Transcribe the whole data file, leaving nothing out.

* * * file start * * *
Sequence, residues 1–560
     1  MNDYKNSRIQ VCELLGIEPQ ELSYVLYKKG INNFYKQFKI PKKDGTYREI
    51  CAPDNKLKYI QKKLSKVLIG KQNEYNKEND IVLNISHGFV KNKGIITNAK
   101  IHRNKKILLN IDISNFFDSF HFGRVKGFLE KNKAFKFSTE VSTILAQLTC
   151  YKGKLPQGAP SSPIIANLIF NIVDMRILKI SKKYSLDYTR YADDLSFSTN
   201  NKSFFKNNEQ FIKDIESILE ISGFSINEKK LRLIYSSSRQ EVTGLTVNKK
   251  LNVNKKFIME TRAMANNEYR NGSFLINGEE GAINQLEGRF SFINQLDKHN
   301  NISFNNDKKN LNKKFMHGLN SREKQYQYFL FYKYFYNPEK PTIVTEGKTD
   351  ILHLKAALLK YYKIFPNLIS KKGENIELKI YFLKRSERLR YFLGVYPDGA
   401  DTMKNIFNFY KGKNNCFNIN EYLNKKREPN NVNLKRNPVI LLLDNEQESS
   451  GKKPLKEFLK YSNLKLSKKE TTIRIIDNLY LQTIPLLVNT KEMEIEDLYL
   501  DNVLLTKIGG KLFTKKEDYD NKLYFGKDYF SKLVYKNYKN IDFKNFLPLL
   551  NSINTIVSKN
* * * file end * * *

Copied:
Sequence, residues 1–560
     1  MNDYKNSRIQ VCELLGIEPQ ELSYVLYKKG INNFYKQFKI PKKDGTYREI
    51  CAPDNKLKYI QKKLSKVLIG KQNEYNKEND IVLNISHGFV KNKGIITNAK
   101  IHRNKKILLN IDISNFFDSF HFGRVKGFLE KNKAFKFSTE VSTILAQLTC
   151  YKGKLPQGAP SSPIIANLIF NIVDMRILKI SKKYSLDYTR YADDLSFSTN
   201  NKSFFKNNEQ FIKDIESILE ISGFSINEKK LRLIYSSSRQ EVTGLTVNKK
   251  LNVNKKFIME TRAMANNEYR NGSFLINGEE GAINQLEGRF SFINQLDKHN
   301  NISFNNDKKN LNKKFMHGLN SREKQYQYFL FYKYFYNPEK PTIVTEGKTD
   351  ILHLKAALLK YYKIFPNLIS KKGENIELKI YFLKRSERLR YFLGVYPDGA
   401  DTMKNIFNFY KGKNNCFNIN EYLNKKREPN NVNLKRNPVI LLLDNEQESS
   451  GKKPLKEFLK YSNLKLSKKE TTIRIIDNLY LQTIPLLVNT KEMEIEDLYL
   501  DNVLLTKIGG KLFTKKEDYD NKLYFGKDYF SKLVYKNYKN IDFKNFLPLL
   551  NSINTIVSKN